There are things the FDA can do. For instance, it could quicken the pace in which it shares safety information about off-label uses. The agency takes two months to two years to recommend a device recall when adverse events occur, Device Events founder and CEO Madris Tomes said. That delay means doctors don't always have the best advice to share with their patients or inform their decision-making.
As of Sept. 30, Tomes said that, according to the agency's database of device adverse events reports (AERs), nearly 24,000 adverse events – including more than 14,000 injuries and 777 deaths – have been associated with the off-label use of devices.
Even more concerning are adverse events associated with uses that are contraindicated on the label. Tomes cited 5,121 such AERs, including more than 3,400 injuries and 461 deaths. She noted that many of the AERs are based on reports doctors submitted to the companies. She said doctors should be able to submit them directly to the FDA.
As a basis for defining new regulatory standards on sharing truthful, non-misleading information with health care payers and professionals, Pharmaceutical Research and Manufacturers of America (PhRMA) and the Biotechnology Innovation Organization are proposing nine principles grounded on a commitment to science-based communication, the provision of an appropriate context about the data and an accurate representation of that data.
New standards are needed, given an increasingly data-driven, value-based health care system in which prescribing decisions are no longer made by independent physicians, PhRMA President and CEO Stephen Ubl said when the principles were released this week.
Today, prescribing decisions are influenced by integrated delivery systems or financial incentives created by health plans. "In this changing environment, it is important that biopharmaceutical companies be able to share appropriate science-based information" with the true decision-makers, Ubl said. But that's not possible under current federal regulations.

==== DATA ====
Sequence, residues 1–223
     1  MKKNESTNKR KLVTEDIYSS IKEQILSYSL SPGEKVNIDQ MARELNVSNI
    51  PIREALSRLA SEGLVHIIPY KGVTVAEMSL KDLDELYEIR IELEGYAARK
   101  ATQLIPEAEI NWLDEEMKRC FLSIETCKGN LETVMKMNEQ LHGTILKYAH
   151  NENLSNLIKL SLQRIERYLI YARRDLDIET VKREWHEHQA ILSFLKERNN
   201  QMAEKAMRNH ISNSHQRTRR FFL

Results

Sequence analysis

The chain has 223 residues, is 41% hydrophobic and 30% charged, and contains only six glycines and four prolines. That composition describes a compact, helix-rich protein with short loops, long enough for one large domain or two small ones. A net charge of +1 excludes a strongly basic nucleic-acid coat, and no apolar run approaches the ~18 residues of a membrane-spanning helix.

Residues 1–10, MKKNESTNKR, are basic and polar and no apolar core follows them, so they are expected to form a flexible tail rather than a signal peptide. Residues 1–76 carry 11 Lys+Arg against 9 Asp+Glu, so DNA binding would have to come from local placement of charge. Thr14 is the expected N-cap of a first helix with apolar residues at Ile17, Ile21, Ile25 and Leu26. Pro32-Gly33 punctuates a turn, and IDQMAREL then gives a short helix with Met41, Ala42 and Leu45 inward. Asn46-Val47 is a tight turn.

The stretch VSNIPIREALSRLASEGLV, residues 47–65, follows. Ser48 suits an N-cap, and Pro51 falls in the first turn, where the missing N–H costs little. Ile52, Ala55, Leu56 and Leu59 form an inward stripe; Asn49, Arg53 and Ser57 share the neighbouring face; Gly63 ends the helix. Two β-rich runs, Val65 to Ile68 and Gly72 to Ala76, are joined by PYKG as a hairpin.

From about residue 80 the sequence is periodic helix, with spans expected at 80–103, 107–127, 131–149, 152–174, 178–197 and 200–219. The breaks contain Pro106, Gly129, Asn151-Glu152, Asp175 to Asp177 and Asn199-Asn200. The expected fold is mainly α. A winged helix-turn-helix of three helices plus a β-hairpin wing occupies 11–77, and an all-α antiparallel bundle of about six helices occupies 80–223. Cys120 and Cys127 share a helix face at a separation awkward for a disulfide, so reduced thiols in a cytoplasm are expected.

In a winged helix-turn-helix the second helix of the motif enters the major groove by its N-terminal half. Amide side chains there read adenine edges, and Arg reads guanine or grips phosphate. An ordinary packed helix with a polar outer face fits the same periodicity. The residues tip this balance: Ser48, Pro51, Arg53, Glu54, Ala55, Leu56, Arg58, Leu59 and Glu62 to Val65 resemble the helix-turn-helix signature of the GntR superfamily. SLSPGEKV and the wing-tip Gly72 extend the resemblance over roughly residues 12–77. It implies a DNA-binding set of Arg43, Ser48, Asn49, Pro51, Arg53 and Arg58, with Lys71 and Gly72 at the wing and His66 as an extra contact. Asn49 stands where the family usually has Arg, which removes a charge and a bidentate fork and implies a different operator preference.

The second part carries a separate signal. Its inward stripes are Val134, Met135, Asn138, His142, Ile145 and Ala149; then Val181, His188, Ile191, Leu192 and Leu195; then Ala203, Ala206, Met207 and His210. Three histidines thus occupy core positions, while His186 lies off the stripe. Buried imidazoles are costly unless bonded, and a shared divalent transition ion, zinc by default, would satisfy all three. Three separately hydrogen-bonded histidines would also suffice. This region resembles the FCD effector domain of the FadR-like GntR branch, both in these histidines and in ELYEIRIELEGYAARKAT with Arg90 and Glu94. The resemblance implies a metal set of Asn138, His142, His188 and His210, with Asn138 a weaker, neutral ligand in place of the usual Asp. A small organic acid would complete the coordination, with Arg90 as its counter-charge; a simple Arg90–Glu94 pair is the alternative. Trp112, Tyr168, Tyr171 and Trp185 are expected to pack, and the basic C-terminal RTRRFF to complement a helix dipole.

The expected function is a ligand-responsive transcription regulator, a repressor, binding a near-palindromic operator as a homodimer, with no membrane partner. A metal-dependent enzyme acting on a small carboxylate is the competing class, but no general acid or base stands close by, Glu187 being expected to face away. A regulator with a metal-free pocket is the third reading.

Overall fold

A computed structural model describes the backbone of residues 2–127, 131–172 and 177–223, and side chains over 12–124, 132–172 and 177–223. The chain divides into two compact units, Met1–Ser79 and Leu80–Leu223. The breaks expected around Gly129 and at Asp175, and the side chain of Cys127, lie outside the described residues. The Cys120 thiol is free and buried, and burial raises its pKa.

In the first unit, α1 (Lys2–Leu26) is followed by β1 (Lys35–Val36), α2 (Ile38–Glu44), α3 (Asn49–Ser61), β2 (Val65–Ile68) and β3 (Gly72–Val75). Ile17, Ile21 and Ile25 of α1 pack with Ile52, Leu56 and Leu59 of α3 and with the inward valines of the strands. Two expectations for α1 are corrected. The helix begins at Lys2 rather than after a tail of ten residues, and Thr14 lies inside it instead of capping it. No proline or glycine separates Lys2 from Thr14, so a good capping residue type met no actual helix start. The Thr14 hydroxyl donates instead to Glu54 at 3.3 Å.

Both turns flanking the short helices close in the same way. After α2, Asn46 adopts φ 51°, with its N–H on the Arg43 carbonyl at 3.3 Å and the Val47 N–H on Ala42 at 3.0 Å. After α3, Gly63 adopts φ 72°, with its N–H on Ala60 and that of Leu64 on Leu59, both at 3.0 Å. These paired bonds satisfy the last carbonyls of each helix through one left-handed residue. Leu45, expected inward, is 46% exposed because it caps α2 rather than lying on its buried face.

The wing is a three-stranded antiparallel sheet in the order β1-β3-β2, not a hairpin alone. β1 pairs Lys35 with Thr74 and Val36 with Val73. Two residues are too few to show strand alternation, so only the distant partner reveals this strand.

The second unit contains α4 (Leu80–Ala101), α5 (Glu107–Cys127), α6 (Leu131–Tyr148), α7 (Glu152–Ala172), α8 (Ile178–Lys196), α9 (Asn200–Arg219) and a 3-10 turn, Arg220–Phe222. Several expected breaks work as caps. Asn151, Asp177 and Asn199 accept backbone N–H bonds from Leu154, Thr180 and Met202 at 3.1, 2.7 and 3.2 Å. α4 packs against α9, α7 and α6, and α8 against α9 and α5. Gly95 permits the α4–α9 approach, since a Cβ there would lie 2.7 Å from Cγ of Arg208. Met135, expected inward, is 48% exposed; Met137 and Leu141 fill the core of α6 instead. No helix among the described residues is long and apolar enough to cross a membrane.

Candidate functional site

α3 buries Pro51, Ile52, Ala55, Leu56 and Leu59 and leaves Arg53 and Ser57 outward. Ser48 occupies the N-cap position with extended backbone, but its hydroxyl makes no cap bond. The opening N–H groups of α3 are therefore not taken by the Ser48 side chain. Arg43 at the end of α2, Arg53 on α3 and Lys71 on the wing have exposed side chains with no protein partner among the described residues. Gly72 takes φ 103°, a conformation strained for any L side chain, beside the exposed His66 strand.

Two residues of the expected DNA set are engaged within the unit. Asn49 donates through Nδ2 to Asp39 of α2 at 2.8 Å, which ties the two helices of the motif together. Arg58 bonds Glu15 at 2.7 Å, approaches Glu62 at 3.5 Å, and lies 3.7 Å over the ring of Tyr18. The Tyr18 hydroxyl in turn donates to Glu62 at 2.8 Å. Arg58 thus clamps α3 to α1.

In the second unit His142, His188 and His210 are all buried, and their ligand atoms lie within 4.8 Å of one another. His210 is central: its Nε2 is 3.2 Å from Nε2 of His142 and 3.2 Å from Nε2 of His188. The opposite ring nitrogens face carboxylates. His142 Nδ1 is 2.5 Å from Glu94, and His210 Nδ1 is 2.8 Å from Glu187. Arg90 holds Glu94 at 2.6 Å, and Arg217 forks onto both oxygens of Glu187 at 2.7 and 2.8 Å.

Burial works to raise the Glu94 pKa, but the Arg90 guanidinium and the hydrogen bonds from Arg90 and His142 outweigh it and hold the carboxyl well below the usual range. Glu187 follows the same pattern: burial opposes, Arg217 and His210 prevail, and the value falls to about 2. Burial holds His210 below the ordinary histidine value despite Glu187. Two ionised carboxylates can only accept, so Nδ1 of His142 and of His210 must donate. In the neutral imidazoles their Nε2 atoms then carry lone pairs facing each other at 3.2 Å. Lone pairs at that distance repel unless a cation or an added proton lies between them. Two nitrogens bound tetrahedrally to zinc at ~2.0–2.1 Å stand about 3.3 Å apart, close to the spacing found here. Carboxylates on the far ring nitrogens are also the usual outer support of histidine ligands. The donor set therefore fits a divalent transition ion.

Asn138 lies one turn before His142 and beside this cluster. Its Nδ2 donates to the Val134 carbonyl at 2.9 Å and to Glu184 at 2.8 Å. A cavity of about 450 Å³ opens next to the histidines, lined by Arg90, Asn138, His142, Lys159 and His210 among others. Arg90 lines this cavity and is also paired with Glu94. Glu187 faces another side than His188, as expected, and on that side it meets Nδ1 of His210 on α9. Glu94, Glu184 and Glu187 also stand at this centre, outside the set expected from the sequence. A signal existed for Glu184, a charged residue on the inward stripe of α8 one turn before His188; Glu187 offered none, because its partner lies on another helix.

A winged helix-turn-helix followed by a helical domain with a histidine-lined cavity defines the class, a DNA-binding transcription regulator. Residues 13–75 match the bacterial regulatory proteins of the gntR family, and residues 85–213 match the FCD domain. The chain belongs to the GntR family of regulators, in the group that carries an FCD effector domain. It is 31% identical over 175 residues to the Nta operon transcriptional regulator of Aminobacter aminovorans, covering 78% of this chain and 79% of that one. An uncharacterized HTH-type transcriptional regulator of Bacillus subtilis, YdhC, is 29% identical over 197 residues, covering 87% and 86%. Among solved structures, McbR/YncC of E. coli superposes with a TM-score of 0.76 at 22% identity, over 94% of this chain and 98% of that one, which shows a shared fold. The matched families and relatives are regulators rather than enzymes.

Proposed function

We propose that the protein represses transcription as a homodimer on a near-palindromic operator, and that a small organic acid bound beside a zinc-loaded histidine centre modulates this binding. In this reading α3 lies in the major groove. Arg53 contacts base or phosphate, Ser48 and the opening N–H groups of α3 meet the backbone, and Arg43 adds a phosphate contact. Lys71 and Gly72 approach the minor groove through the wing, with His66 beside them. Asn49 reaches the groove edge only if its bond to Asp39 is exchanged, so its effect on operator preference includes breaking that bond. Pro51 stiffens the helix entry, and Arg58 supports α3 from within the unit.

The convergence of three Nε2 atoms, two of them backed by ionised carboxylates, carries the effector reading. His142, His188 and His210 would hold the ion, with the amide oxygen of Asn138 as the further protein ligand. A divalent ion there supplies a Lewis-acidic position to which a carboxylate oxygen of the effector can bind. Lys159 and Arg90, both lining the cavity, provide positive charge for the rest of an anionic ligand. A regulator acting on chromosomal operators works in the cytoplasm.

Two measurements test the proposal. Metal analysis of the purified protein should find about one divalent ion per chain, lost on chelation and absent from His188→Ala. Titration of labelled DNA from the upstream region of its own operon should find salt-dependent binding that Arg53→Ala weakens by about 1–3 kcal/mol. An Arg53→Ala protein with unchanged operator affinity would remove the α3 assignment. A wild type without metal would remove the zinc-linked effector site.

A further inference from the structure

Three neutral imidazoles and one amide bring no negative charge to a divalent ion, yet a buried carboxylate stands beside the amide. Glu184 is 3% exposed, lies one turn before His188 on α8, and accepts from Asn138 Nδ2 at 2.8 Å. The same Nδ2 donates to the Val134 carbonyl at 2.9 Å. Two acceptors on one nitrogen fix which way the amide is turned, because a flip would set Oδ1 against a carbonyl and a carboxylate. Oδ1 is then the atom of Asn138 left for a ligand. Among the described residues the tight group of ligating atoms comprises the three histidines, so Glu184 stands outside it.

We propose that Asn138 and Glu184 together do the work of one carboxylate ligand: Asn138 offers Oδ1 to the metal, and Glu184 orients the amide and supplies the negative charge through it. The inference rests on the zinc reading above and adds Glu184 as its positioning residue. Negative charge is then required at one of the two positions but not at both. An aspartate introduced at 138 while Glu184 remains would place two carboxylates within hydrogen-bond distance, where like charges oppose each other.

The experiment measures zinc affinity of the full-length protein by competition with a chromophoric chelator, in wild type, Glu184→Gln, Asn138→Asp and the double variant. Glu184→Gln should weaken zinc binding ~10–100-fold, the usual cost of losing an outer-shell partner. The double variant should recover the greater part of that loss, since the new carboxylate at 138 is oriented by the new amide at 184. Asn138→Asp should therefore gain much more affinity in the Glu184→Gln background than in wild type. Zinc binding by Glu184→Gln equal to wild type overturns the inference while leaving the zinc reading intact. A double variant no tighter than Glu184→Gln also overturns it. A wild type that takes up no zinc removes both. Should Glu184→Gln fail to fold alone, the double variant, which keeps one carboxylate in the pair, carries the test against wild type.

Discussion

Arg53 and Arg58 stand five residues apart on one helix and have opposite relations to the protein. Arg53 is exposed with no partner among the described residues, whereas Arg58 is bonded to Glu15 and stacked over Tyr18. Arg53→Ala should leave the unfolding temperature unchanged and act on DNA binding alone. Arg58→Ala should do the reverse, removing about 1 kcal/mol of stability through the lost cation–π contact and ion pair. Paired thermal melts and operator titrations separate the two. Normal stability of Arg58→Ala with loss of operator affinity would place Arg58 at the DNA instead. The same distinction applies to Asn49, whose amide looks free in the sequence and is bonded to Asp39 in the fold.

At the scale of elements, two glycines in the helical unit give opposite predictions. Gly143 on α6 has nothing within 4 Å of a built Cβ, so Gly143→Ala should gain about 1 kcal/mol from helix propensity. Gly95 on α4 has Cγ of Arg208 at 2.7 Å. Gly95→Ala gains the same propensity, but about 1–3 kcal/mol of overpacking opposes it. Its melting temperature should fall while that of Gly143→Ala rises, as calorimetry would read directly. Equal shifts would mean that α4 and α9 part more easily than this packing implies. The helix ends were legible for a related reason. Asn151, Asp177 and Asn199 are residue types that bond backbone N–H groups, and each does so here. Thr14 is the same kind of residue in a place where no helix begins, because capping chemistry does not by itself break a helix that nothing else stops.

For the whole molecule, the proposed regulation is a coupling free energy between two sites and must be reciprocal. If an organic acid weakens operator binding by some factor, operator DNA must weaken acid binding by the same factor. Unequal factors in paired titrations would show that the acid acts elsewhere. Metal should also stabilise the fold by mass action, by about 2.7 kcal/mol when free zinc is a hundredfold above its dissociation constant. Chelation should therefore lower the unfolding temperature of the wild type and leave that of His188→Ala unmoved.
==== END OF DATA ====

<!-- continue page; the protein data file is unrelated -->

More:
For instance, restrictions on conversations between drug companies and payers before a drug is approved could stymie efforts to move to a value-based pricing system, Holly Campbell, senior director of communications at PhRMA, told BioWorld Today. Such restrictions also leave payers unprepared when transformative, disease-modifying therapies come to market. (See BioWorld Today, Nov. 8, 2016.)
Those opposed to letting industry have those conversations fear such exchanges would be fueled by their bottom line and would undermine the FDA's review processes, as companies would have no incentive to conduct trials for new indications. Increased off-label use also would discourage patients from participating in trials, Kim said.
FDA officials noted that much off-label use involves drugs that have gone generic. They asked who's going to conduct those trials.
In addition to requiring patient informed consent for unapproved uses, opponents encouraged the FDA to improve training for doctors about off-label prescribing, use plain English and brand names when issuing safety information and updating label warnings, and develop a database of off-label experiences.
FDA Commissioner Robert Califf repeatedly expressed the need for such a database that could show when and why doctors use a product off-label and what the results were. While the agency doesn't have the authority to require that information from doctors, he wondered whether they would be willing to provide it.